Smaller EU states blast big ones for blocking medical supplies amid virus outbreak
Austria's Ministers for Social Affairs Rudolf Anschober (L) talks with EU commissioner for internal market Thierry Breton and German Health Minister Jens Spahn (R) as they attend the Ministers of Health meeting on the novel coronavirus, at the EU headquarters in Brussels on March 6, 2020.
Smaller EU member states hit out on Friday after Germany, France and the Czech Republic blocked the export of some medical supplies that could help slow the novel coronavirus outbreak.
EU health ministers are meeting to plan a coordinated response to the epidemic, but Germany has banned exports of face masks and gloves and France has requisitioned all its own stocks.
Some EU members -- notably Italy, where at least 148 people have died -- have been hit harder than others and some ministers think precious resources should be shared.
"I think that in fact we should show our solidarity, for example in the distribution of protective resources," said Belgian health minister Maggie de Block.
"There are two countries that block all exports ... and that's not in the spirit of the EU."
Dutch minister for medical care Bruno Bruins agreed, telling the crisis meeting: "In times of scarcity it is even more important to show solidarity, especially within the EU.
"I understand that some countries are now taking national measures to safeguard their own stocks. I believe that such measures are not a solution to the scarcity that is currently affecting the whole of Europe."
Austria's Rudolf Anschober said he did not want to discuss this policy "in front of the cameras".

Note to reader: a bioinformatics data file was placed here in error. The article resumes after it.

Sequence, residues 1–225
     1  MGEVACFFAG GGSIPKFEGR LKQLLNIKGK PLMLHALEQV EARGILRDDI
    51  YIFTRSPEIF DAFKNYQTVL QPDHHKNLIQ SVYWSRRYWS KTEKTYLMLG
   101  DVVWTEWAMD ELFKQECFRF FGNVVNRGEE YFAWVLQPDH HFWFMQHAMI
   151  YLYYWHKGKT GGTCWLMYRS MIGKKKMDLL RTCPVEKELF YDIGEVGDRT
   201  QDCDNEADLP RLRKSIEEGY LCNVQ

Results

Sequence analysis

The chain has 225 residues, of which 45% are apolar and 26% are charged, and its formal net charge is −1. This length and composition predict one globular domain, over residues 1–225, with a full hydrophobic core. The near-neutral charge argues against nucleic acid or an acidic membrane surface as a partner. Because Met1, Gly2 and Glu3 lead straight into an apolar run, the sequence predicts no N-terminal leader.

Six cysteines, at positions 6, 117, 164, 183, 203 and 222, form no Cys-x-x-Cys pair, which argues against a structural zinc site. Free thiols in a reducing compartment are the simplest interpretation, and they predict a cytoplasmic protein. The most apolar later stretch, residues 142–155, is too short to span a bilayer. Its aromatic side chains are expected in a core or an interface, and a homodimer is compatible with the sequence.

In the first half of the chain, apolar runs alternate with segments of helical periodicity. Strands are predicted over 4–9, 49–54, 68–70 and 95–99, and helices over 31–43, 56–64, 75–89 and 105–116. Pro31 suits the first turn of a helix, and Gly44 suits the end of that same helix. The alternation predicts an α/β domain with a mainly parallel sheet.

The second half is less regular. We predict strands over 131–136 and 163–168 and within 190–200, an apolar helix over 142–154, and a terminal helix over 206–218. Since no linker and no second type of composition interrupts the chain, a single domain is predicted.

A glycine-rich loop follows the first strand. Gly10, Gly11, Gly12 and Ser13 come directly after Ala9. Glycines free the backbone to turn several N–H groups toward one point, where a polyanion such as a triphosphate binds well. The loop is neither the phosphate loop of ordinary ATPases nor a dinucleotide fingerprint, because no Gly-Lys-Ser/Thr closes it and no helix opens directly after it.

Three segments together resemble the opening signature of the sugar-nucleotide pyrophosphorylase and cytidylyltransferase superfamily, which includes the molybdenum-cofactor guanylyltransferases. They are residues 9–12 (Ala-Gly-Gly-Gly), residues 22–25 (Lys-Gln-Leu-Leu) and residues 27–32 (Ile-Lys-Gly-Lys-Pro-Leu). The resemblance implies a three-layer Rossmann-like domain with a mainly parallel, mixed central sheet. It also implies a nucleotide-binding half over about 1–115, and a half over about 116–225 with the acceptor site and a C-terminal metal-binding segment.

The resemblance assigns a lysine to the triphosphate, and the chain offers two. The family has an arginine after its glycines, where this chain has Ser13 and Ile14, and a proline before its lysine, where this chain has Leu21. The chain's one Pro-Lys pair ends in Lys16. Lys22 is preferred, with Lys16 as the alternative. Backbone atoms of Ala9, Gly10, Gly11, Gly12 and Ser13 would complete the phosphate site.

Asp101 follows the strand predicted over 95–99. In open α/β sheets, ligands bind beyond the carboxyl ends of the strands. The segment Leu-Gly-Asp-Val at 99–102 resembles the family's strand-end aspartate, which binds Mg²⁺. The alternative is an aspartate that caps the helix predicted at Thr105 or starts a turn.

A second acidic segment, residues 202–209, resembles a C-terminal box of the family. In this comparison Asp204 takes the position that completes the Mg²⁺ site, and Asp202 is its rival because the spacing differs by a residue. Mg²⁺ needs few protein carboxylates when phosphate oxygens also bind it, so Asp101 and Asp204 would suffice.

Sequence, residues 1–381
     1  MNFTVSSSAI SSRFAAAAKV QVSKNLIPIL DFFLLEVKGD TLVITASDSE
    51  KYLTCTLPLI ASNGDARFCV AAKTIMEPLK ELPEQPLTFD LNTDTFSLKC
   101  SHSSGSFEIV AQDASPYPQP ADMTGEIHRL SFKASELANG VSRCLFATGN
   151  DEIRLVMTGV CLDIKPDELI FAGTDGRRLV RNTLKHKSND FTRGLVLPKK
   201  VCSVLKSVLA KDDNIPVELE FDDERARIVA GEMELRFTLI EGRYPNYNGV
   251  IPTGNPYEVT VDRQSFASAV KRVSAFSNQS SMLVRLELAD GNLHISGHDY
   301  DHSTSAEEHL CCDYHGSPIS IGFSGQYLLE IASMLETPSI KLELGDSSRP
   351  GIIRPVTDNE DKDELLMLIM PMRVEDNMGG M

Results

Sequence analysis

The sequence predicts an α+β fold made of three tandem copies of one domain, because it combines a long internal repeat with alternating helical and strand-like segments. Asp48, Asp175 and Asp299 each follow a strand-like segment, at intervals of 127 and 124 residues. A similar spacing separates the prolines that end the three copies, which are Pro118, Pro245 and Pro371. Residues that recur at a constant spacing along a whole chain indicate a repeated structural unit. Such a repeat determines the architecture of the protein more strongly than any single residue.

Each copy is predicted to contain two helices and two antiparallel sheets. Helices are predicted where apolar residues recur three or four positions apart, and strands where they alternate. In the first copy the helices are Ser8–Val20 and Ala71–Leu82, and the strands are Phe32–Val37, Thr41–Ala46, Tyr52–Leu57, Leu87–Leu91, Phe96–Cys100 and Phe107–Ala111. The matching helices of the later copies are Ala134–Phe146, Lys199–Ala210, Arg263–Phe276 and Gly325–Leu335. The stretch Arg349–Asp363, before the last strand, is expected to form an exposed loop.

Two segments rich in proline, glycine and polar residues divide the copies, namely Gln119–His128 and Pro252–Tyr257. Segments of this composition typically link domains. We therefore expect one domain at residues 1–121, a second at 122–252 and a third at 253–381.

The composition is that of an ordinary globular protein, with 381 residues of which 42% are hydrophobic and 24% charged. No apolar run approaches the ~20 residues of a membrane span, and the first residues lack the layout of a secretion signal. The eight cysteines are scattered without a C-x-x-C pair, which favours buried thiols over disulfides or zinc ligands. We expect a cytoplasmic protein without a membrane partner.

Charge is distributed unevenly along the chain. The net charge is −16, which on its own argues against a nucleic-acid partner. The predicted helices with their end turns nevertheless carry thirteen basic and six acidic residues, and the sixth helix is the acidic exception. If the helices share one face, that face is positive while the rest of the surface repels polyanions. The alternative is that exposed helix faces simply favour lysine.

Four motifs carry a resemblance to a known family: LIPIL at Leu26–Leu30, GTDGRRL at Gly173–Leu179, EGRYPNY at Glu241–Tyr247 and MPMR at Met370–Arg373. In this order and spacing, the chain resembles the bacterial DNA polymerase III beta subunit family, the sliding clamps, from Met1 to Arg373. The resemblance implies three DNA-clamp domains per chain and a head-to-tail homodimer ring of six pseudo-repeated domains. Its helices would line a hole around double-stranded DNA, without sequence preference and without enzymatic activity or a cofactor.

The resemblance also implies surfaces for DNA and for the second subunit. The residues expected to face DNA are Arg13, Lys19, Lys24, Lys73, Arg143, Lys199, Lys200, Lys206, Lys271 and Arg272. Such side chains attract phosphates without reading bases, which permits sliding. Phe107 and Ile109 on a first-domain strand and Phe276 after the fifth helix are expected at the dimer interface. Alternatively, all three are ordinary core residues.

On Wednesday, Germany's interior minister said it had banned the export of medical protection gear such as masks and gloves to ensure local health workers have enough.
President Emmanuel Macron has announced that France will requisition all face maks produced there, a de facto export ban, and Czech health minister Adam Vojtech has halted disinfectant exports.
An EU spokesman confirmed France and Germany had notified the European Commission of their decisions, but would not be drawn on whether they met EU single market rules.
EU officials have stressed the importance of a coordinated response -- health commissioner Stella Kyriakides saying she was focused not only the readiness of individual states but also "the need for solidarity".
But German health minister Jens Spahn urged his colleagues to try to understand why Berlin, Paris and Italy are acting as they are, given their bigger and older outbreaks.
"I sometimes have the impression that some of you think: 'Typical, once again the big guys, France, Germany and Italy are going their own way," he said.
"The reason we are upping the pressure is because the situation is different in our countries than the others. We are in a different phase than those countries who are still detecting and containing cases.
"Once the outbreak develops inside a country, measures at the border won't help."
He said the German decision was an "imperfect measure" and not an export ban as such, but a request for producers to obtain a licence to ship gear that might be better used elsewhere.
Vojtech said supplies of protective suits and masks were limited and that European health workers should be first in line as production is ramped up.
"We're trying to negotiate with producers to supply the market, but production is limited. The demand is much higher than the supply worldwide. It is not easy," he said.
The novel coronavirus strain that erupted in China this year and causes the COVID-19 disease has killed more than 3,300 people and infected nearly 100,000 in about 90 nations.
Europe has not been hit as hard as China, but the virus is spreading across the continent and Italy in particular has a major outbreak, with 148 dead in just over two weeks.
© Agence France-Presse
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